3. I have missed your writings, but I do understand. Keep us posted on your building progress. Thanks for sharing so much of what is really important! Mary Ann

  4. We spent the day admiring antique steam tractors and other vintage farm equipment on the first real Autumn-like day in a while. Nothing like standing next to a steam powered saw mill to warm the soul. I have been feeling as unsettled as the weather and am glad to have the season come into itself a bit more. Thanks for the glimpse into your world today! And Happy (early) Birthday in case no post is forthcoming before then.

  5. I recently set up accounts on the iMac for my 15 year old and 12 year old daughters (and created email accounts for them.) I was a bit shocked that the default time limit on the iMac was six hours (SIX HOURS!) I gave them each an hour a day (which I think is too much…) This desk top is their only electronic device, but it still feels like such a waste of time to me.

  6. Hi Ben, long time no type. I am reading this in the library parking lot (!) on our only de(vice), a smashed screen, hand me down iPad. My husband and I decided 6 months ago, after a move, to not have internet at home and since my husband refuses to carry a cell phone and I just last month got a (non-smart) cell phone that I can text on for the first time, we are relatively speaking, fairly disconnected from what would be possible to be connected to were we internetedly connected. Anyway, what I wanted to note, was how sort of difficult it was to actively choose to disconnect in this way. When I got the brand new phone, the model was so unpopular they didn’t have it in stock and had to special order it. It only costs $10 more a month to get the internet 24/7 above and beyond what we pay for a land line and cell phone, bundled by the same provider. I am part of homeschooling and unschooling groups on FB that I can’t keep up with because I am not accessing the FB pages as regularly as I could be. Obviously this is all our choice, and I am not complaining, just noting how weird it seems to have to work hard to actively connect in the way we all used to. I am so grateful I remember what it was like before email, cell phones, and all else. Grateful. Thanks again for your good words. Cheers.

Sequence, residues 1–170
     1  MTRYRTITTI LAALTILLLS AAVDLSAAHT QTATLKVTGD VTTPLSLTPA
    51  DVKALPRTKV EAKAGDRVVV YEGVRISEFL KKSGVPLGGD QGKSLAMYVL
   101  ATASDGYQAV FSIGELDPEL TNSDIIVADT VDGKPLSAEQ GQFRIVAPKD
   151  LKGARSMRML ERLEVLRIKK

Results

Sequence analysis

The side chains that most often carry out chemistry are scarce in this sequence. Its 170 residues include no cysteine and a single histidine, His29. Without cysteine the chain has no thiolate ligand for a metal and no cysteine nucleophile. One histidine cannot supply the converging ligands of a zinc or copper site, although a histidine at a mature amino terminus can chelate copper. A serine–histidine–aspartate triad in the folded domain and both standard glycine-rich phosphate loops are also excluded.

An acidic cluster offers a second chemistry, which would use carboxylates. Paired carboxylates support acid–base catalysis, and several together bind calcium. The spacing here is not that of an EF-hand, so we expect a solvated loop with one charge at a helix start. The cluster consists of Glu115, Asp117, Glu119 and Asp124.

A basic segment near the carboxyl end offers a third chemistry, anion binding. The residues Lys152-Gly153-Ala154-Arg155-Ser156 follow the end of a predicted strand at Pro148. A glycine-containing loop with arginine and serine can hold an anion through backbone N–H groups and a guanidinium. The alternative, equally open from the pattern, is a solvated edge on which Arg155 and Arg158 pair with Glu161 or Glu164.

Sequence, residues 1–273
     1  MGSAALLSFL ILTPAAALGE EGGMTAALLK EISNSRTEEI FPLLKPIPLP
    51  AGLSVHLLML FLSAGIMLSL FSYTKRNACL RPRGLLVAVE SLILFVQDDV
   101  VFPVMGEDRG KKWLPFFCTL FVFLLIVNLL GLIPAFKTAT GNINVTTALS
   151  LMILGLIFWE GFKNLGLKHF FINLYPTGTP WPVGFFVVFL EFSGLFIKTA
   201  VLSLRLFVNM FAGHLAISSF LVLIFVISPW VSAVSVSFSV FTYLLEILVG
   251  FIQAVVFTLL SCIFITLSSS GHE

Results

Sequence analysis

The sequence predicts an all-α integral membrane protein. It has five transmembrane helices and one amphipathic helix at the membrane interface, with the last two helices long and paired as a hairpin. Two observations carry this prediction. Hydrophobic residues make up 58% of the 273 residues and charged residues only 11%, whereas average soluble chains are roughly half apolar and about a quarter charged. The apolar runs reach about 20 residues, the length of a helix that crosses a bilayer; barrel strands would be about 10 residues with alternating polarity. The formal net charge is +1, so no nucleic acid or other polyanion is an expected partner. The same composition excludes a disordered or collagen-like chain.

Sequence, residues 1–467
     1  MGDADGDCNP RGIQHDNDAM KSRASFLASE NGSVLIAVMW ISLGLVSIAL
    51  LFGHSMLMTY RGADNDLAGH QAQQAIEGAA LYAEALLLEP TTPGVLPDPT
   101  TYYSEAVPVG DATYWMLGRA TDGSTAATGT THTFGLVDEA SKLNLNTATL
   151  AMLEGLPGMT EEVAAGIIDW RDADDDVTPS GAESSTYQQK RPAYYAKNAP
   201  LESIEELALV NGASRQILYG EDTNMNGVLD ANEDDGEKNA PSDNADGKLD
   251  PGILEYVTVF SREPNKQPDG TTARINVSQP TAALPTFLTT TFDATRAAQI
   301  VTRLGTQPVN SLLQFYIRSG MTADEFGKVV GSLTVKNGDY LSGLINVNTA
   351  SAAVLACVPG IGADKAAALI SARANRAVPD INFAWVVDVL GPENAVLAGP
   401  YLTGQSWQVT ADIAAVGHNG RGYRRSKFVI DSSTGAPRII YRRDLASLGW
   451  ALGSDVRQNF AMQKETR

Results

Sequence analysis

7. This is chilling. I fight the pull of electronics, and it really is a pulling, coaxing, pleading sort of energy. “Come check–just look–maybe you should do–” all from the screens around me. I don’t know what the answer is.

  8. Happy birthday! So you’re 44. That means you were born in 1971, “the year of the golden pig”. There’s something funny in there but I’m not going to root it out. Anyway, have a good one. And many happy returns.

  9. Poignant and unfortunately relatable. Thank you for reminding me to get outside. An eery reminder of our modern day society.